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Digital Update: strategic planning, agile, and ad-blocking

Posted on January 25, 2019

Strategic Planning Sessions

What’s our purpose? Why do we exist? Our management team is getting super existential and has begun work on strategic planning for the future of our Department. We’ve started by focusing on building vision and values that will serve as a foundation of our goals in the years ahead.

Our vision is coming together with a strong emphasis on these evolving principles:

  • Be open, transparent, and engaging
  • Create services designed for people
  • Build scalable and secure infrastructure
  • Promote change that is outcomes and impact driven

After working through our goals and strategies with our team next, we are then planning an open process to encourage feedback from other departments, the community and, of course, Marin’s finest City Council.

But don’t wait for us to ask, we are always open to your ideas and feedback.

All-Hands Meeting Recap

On Thursday, we held our monthly all-hands meeting. We covered updates regarding mail and print services, network performance, support tickets, and strategic planning. We also had a guest speaker, Tony Fortenberry talk about agile project management and digital service delivery. Some of the key takeaways from Tony’s talk include:

  • It takes a village! A strong digital service culture requires buy-in, alignment, and involvement of the executive level, the budget, oversight, procurement, legal, project management, technical team, and your users.
  • To embrace a digital services culture – focus on empowerment, collaboration and products.
  • Build services with users, not for them. Practice human-centered design and continuous participation.
  • Small is the new big. Focus on a roadmap and capabilities, rather than a schedule and requirements. Spread out the risk by working in an agile, modular, and iterative way to avoid surprises at the end.
  • Default to open. Public organizations should create public goods. Leverage open source and open standards and always store public data in non-proprietary formats.
  • Don’t get distracted! Create time and space to focus on what really matters and get the work done.

For a fuller recap and links to the slide decks, check out our latest blog post.

Learning Lab 2.0 Update

Last November, five cross-departmental teams presented their ideas for challenges related to reducing fire threats from homeless encampments, creating a positive workplace culture, reimagining employee evaluations, increasing community engagement in the Canal neighborhood, and helping employees understand and navigate regulations.

The next step is turning those ideas into action! Over the coming months, we will be working to assemble implementation teams, so stay tuned for opportunities to get involved in these efforts.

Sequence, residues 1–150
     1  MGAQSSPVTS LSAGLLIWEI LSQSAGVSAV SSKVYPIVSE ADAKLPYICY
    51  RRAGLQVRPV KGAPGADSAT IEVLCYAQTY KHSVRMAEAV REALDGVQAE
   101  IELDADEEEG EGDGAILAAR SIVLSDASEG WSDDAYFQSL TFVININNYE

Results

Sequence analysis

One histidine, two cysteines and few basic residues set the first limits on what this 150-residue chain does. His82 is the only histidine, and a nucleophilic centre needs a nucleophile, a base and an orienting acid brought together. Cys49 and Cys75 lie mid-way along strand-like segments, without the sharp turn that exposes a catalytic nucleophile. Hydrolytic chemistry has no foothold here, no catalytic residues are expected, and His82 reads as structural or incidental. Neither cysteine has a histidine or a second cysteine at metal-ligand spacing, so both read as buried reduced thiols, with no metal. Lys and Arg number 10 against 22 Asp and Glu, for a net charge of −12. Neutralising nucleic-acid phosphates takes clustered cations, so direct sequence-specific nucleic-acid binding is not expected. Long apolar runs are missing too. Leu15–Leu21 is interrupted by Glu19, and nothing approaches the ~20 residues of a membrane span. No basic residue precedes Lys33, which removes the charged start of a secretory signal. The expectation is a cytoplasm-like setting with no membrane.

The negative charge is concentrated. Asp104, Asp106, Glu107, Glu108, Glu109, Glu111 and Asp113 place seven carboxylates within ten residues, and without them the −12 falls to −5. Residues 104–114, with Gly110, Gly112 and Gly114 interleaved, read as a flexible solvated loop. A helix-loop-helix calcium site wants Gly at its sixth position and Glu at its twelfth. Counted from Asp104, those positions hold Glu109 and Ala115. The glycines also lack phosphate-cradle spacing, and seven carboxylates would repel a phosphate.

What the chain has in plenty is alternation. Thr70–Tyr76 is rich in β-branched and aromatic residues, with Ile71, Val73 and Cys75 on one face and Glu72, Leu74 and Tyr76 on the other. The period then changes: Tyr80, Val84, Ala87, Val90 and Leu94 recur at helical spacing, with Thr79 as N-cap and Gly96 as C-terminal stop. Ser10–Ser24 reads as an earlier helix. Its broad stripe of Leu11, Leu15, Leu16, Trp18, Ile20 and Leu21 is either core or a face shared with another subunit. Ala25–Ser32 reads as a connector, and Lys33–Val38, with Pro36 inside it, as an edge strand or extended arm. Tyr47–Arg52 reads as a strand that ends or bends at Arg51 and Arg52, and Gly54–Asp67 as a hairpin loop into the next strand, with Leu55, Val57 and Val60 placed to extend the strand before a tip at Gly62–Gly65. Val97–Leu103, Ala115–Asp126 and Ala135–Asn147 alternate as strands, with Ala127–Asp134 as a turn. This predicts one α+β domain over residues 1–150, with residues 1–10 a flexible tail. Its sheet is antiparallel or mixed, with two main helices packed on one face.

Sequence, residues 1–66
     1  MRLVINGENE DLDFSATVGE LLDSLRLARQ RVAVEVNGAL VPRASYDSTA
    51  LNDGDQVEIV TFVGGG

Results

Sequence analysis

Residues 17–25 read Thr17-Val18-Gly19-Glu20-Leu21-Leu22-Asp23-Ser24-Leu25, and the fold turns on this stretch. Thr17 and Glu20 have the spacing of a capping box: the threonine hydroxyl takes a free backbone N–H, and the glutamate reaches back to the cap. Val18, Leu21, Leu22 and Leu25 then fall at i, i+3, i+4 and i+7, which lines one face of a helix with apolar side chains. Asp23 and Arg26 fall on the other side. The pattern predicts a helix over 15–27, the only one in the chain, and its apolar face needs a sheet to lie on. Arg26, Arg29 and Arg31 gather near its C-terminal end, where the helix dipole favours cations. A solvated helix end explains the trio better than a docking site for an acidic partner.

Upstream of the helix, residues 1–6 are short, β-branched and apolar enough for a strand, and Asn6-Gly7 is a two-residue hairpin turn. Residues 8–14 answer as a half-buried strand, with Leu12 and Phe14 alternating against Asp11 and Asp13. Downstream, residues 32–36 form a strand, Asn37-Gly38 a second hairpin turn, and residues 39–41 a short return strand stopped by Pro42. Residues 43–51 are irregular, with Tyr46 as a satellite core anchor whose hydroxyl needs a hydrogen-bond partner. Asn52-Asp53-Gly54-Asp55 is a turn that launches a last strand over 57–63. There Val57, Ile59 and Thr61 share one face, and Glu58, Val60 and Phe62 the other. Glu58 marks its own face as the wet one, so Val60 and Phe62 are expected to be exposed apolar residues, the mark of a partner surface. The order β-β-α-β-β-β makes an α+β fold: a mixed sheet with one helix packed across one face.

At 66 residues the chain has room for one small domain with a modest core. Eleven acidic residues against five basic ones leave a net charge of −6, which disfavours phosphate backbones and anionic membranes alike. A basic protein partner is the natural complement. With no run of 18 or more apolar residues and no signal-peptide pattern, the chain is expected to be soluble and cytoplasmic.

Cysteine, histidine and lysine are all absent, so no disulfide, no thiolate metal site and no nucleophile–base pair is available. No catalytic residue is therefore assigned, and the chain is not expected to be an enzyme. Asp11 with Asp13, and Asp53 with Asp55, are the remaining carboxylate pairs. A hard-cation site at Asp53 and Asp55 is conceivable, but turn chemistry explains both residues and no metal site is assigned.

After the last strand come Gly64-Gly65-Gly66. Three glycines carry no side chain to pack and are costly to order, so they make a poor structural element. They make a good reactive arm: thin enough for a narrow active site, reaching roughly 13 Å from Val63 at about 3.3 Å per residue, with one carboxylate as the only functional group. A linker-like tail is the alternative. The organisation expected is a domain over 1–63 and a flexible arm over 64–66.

We will also be working with the Continuous Learning Working Group to shape Learning Lab 3.0 based on the feedback we learned during the last round. Want to help? Join us!

Blocking one advertisement at a time

For the past two years, we have been blocking online advertisements on the city computer network, bringing the Internet experience back to its glory days of the 90s.  By reducing our digital footprint, we’re minimizing the risk of attack from malicious intents.


What do the numbers mean? The graph above shows that in the past 24 hours we’ve had over 630K queries on our network. A query is when a user (like you) visits a website. Some websites include multiple queries (typically from advertisers). Each week, this tool builds a ‘blocklist’ based on anti-malware, anti-virus, and domain abuse listing information. This results in certain websites being blocked by our firewall and you may encounter an error message like this:

site can't be reached

If our firewall is blocking a site you need to access, please open a support ticket so we can look into it. This tool helps protect us, but it is not enough to protect our computer network from all malicious intents.  We need your help. You are the best scanner we have. Period. Avoid visiting unknown websites or downloading software from untrusted sources. These sites often host malware that will automatically, and often silently, compromise your computer. If attachments or links in email are unexpected or suspicious for any reason, don’t click on it.

Plan Ahead for Next Fiscal Year’s Technology Projects

With next year’s budget around the corner, now is the time to start thinking about how we all can plan for upcoming technology projects. If your department is considering the adoption of new software or online service, we encourage you to bring us onboard early in the process to ensure success.

We are currently developing a new process to guide departments through technology selection and implementation but in the meantime you can get started by filling out this simple form.

Please let us know about your upcoming FY 19-20 projects the best you can by the end of January.

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